Stories of past Buffalo teams are exactly that to the current version: stories. And while McDermott tells his team that its predecessors laid a solid foundation, it’s time for these Bills to establish their own.

“The history of the Buffalo Bills is great, but the team that we have now — we don’t have anything to do with what happened [in the past],” White said. “Let’s make our destiny. Let’s make our own history. Let’s make our own stories. Let’s be the next team to go to four straight Super Bowls. Let’s win one. Let’s be the team to finally get Buffalo up and win one for the city.

“This team, here, we’re on a mission. I can feel it.”

After the game, players wore shirts that read, “WON NOT DONE,” an ode to the achievement of one goal while remaining focused on the next.

Allen said the division title “feels really good” but was more of a means to an end than a primary goal. The quarterback said that taking the division crown and earning a home playoff game makes the larger goal of winning the Super Bowl more attainable.

“That’s not our main goal. We set out to do this in order to give us a chance to do what we really want to do, and that’s win a Super Bowl championship,” Allen said. “Everything’s still in front of us. This just gives us an opportunity to give us a shot. That’s all we can ask for.”

Although fans have not been allowed at Bills Stadium all season as part of Erie County’s COVID-19 protocols, Buffalo has been as supportive as ever throughout the team’s best season in 25 years.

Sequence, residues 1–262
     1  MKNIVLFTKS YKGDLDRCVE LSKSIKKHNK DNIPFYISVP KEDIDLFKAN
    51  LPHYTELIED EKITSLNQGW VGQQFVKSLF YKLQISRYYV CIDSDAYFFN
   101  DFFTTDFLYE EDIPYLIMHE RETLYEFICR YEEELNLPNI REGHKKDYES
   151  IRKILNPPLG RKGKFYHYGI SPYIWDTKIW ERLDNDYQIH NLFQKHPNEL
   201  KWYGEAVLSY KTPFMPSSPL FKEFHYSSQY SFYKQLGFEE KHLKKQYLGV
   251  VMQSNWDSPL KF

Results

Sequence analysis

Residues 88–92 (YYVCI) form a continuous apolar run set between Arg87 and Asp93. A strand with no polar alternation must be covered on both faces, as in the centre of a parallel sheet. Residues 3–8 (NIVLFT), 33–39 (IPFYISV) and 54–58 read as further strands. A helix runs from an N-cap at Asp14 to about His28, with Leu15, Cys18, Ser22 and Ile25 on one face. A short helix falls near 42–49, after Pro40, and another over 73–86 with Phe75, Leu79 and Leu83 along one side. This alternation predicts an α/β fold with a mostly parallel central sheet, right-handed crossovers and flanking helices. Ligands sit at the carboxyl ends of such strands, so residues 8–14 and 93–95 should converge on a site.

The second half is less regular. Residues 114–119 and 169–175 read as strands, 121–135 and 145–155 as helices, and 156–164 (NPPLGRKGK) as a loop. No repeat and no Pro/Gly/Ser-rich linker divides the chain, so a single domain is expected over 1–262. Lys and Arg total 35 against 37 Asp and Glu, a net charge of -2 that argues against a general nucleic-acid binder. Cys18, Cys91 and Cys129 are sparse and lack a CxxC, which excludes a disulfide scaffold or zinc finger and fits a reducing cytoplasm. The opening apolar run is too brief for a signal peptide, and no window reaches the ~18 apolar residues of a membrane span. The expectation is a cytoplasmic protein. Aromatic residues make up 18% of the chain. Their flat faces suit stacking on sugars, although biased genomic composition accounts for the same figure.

Fans flew a banner with a message of support over the stadium before the Bills hosted the Los Angeles Rams in Week 3, and at least one former player is excited for one of the league’s more tortured fan bases.

“It’s like a college atmosphere,” former Bills defensive end Cornelius Bennett said. “I didn’t miss a beat when I went from the University of Alabama fan base to the Buffalo Bills fan base. It was tremendous … and still is.

“I’ve been around a bit, and I don’t compare it to anywhere else.”

Bennett, who is a Pro Football Hall of Fame finalist for 2021, said he recently met with fans and that they were ecstatic at not only the Bills’ chances at a division title but also the fact that the defending AFC East-champion New England Patriots were knocked out of the running with four games remaining.

With a playoff berth and a division title locked up, there are still a few records left to play for as the Bills prepare to play at the Patriots on Monday night football in Week 16.

Allen is 359 yards away from Drew Bledsoe’s single-season franchise record of 4,359 passing yards — although Allen did become the second player in franchise history to eclipse 4,000 passing yards in a single season. Allen also is three touchdown passes away from Jim Kelly’s single-season record of 33.

Cole Beasley, who caught eight passes for 112 yards on Saturday, has already set career highs in yards and receptions but needs just 50 yards for the first 1,000-yard season of his career. The Bills haven’t had two 1,000-yard receivers since Peerless Price and Moulds in 2002.

Several Bills left Saturday’s contest with injuries, including Diggs, White, cornerback Levi Wallace, defensive end A.J. Epenesa and kick/punt returner Andre Roberts. McDermott said afterward he didn’t have updates on any of them, but the team does have nine days until it plays the Patriots.